The river cruise industry is trying to change it's image from old slow boat your grandparents used to take to a more experiential, immersive experience for a younger generation.
"Customers want more authentic experiences these days," says Ellen Bettridge.
Not just the 24-hour buffet. (Thank goodness for that.)
We sat down with Bettridge to get a better sense of how they are evolving. Uniworld has been in the river cruise industry since 1976 and Bettridge has spent her entire career in travel so she gets how the industry has changed.
"We are all time-starved...when you go on vacation it better be good," says Bettridge.
So everyone is scrambling. Competitors like Viking River Cruises, Carnival (CCL - Get Report) , Royal Caribbean (RCL - Get Report) and Norwegian Cruise Line (NCLH - Get Report) are all struggling to attract new, younger customers.
But the river cruise industry is hold its own:
- Cruise Lines International Association (CLIA) reports that the river cruise industry has 217 ships in 2018, a 7.4% growth from 2017 and 18% growth from 2016.
- CLIA also reports that 8% of millennials chose "river cruises" as their favorite vacation type, and the percent of millennials who "definitely will" book a cruise (river or ocean) for their next trip increased from 63% to 70% in 2018.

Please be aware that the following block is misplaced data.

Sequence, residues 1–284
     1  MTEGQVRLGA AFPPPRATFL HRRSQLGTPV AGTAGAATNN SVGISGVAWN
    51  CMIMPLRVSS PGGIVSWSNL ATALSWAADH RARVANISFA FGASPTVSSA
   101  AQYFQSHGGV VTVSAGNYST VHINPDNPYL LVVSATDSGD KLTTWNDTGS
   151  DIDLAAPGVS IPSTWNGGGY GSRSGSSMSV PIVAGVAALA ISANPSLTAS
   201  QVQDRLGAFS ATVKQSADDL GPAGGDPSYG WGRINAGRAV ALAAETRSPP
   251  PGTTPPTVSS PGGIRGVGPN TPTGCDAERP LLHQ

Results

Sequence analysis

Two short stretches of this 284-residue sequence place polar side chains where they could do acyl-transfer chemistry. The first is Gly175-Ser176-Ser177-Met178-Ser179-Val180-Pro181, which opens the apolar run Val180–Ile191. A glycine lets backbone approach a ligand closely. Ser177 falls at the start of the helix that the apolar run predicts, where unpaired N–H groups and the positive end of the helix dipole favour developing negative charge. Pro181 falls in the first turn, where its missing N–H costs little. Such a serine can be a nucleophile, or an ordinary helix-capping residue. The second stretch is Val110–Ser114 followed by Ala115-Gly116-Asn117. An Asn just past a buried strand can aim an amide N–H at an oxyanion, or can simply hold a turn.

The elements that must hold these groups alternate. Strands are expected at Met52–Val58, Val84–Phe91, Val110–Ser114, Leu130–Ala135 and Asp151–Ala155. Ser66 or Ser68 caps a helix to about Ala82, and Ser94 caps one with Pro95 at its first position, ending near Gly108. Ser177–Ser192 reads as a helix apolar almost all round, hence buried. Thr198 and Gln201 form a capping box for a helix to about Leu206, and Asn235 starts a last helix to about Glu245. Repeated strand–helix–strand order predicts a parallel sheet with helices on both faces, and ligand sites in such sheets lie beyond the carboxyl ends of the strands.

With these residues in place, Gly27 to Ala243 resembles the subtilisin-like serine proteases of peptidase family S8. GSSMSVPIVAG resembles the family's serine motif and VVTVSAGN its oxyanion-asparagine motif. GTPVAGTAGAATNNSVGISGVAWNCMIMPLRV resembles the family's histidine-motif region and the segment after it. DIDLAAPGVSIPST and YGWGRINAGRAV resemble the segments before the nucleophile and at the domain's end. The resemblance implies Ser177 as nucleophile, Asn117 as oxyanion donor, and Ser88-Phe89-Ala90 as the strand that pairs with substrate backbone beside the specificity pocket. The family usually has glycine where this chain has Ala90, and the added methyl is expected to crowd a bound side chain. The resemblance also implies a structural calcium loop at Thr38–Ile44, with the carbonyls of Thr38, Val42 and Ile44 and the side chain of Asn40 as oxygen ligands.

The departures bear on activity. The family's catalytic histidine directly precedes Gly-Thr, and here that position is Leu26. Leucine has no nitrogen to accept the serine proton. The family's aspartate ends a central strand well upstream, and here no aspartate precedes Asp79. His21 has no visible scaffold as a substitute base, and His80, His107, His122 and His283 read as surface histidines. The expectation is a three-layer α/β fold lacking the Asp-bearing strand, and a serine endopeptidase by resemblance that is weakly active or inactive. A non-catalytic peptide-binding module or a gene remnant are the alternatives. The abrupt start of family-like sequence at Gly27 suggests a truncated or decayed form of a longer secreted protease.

- Seatrade Europe reported more than 1.36M passengers experienced European river cruises in 2016, up 2.7% from the previous year, with 39% of guests from the U.S. and Canada.
- The 2018 Luxe Report from Virtuoso ranks river cruising third among the top five travel trends for the year ahead.
But Uniworld is consciously focusing on getting millenials on the rivers with U by Uniworld, cruises that have everything from mixology classes to a silent disco, to paint and wine on the deck.
So listen in as Bettridge talks about the industry is changing and where the hot places to take a river cruise are right now.